The Clarified Law of Inequitable Conduct

Although not new writing law, in Star Scientific, Chief Judge Michel does a nice job of clearly breaking down inequitable conduct analysis into simple two steps. The case clarifies that threshold levels of materiality and intent must each be proven by clear and convincing evidence.

Inequitable Conduct Two Step Analysis:

  1. Whether the accused infringer proven threshold levels of (a) intent to deceive the PTO and (b) materiality, both with clear and convincing evidence. Although the intent element may be proven by circumstantial evidence. The clear and convincing standard requires that the evidence must be strong enough to point to “intent to deceive” as the “single most reasonable inference able to be drawn from the evidence.”
  2. If both elements are proven by clear and convincing evidence, the court should “look to the equities” to determine whether the evidence warrants a finding of inequitable conduct and thus unenforceability. It is only at this second stage when the court may balance the relative weight of proof. In particular, “[t]he more material the omission or the misrepresentation, the lower the level of intent required to establish inequitable conduct, and vice versa.” (Quoting Critikon, 120 F.3d 1253 (Fed. Cir. 1997)(J. Rich)).

Still unclear is the meaning of “threshold.” Presumably proving a “threshold level of intent” should be easier than simply proving “intent.”


13 thoughts on “The Clarified Law of Inequitable Conduct

  1. 13

    If non-disclosed prior art is so material that it seems unlikely [to the judicial fact-finder] that a claim of a patent in suit would not have issued if it HAD been disclosed to the examiner, and if either an inventor or an involved attorney had knowledge of that art while the application was pending, CAFC cases in recent years would seem to suggest that “intent” is likely to be “IMPLIED from the circumstances.”

  2. 12


    I think the former view is correct, the idea being that if there is a sliding scale between materiality and intent, the scale doesn’t extend to the extremes to punish (a) completely innocent failures to disclose highly material references, or (b) the person who intends to deceive the PTO by not telling the examiner that his cat is a co-inventor.

    There must be *some* amount of materiality AND intent, though I don’t think it’s clear from the case law how much that “threshold” level is.

  3. 11


    At the equity-balancing stage, I think the court is less interested in putting things in categories and more interested in determining how egregious the case is.

    I think that if an applicant goes to greater lengths to deceive the PTO, he has more “intent” for the purposes of that part of the analysis. To take a ridiculous hypothetical, the applicant who intercepts an examiner’s mail or tries to destroy all records of an invalidating reference has more “intent to deceive” than an applicant who merely has a material reference on his desk and consciously decides not to dislose it because he believes it will invalidate his patent… though both hypothetical applicants have “specific intent” to deceive the PTO.

  4. 10

    The quote from Critikon doesn’t make sense to me. “The more material the omission or the misrepresentation, the lower [the] the level of intent [is] required to establish inequitable conduct and vice versa.” Earlier in the opinion (p.12) the court quotes Molins v. Textron saying that the level of intent must be specific intent.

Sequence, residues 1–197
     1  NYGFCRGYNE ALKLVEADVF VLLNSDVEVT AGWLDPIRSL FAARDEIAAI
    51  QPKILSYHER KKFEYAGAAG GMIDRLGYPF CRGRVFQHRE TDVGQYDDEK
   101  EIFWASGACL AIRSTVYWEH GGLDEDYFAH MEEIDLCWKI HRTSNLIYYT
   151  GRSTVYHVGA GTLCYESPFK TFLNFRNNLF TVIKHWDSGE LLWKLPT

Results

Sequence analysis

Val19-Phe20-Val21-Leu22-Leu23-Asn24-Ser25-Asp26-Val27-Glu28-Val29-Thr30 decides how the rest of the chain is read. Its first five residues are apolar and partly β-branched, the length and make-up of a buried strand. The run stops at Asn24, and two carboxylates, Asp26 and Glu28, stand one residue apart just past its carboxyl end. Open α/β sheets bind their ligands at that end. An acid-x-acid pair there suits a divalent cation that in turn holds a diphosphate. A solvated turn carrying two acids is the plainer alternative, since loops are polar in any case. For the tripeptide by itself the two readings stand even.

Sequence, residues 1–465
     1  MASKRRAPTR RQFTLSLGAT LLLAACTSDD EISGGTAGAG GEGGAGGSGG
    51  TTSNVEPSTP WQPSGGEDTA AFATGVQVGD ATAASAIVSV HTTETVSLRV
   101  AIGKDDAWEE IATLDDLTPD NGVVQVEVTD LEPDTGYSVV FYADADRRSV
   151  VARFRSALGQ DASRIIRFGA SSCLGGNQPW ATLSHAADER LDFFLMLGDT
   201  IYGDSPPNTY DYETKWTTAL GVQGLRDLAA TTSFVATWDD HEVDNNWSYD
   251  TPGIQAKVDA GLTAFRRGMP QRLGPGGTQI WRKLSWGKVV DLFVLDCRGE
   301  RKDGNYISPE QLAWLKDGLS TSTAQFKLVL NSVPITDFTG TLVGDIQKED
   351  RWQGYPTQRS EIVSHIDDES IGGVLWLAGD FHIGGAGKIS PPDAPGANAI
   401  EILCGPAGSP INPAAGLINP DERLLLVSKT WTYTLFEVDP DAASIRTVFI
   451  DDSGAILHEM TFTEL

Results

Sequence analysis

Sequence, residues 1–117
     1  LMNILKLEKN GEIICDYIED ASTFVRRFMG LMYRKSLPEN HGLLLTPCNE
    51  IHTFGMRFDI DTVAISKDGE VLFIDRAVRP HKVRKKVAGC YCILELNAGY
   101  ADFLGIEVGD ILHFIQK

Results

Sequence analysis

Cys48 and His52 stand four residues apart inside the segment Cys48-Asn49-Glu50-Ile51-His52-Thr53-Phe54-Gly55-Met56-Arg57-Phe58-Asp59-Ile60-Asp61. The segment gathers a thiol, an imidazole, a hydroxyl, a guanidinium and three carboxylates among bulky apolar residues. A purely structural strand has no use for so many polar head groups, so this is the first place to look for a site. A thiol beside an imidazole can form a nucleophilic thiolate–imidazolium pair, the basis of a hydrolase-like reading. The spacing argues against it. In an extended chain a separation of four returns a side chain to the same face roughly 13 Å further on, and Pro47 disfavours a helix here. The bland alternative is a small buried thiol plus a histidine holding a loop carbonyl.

So, if a defendant must prove by clear and convincing evidence that the applicant had a specific intent to deceive the PTO, then when the court weights equities, how can there be a lower level of intent (any thing less than specific intent) to balance against the proven materiality?

    Can someone explain to me what how there can be an intent greater than specific intent? Am I reading the quote from Molins too broadly? Thanks.

  5. 9

    Is use of the word “threshold” really meant to imply some lower level of requirement, i.e., “threshold intent” vs. “intent”; or, is it merely descriptive of the relative order of the inquiries? Under the latter view, “threshold” is simply descriptive of the fact that a court decides whether intent and materiality were proven by clear and convincing evidence before the court looks to the equities.

  6. 5

    “At some point CAFC will go en banc on this issue, and then all our malpractice policies will sky-rocket.”

    Kingsdown was supposed to be the en banc solution

  7. 4

    How right you are, Paul. The panel is everything on IC.

    It was noted by QED on this blog on Aug 7 with respect to Research Corporation Technologies v. Microsoft (Fed. Cir. 2008) in which Judge Rader slapped back an inequitable conduct finding by an out-of-control district judge:

    “All patent cases should go to a single panel of Rader, Newman, and Michel. If Prost and Moore had had this case, they would have affirmed . . .”

    At some point CAFC will go en banc on this issue, and then all our malpractice policies will sky-rocket.

  8. 2

    Nice, but will other panels of the CAFC follow this? The facts here {lack of ANY evidence for certain D.C. bench conclusions} seem unusually egregious in this case, and thus perhaps too easily distingushed in other cases?

    P.S. Would not a reexamination have been a lot easier, cheaper and more effective for a patent like this?

  9. 1

    Given that Chief Judge Michel authored this opinion, one may wonder if this signals a trend by the Federal Circuit to reign in dubious or weakly supported allegations of inequitable conduct. If true, that would be “good news” for patentees and those of us in the prosecution world who have to worry that every action we take during prosecution will be misconstrued, mischaracterized, or distorted. Only time will tell.

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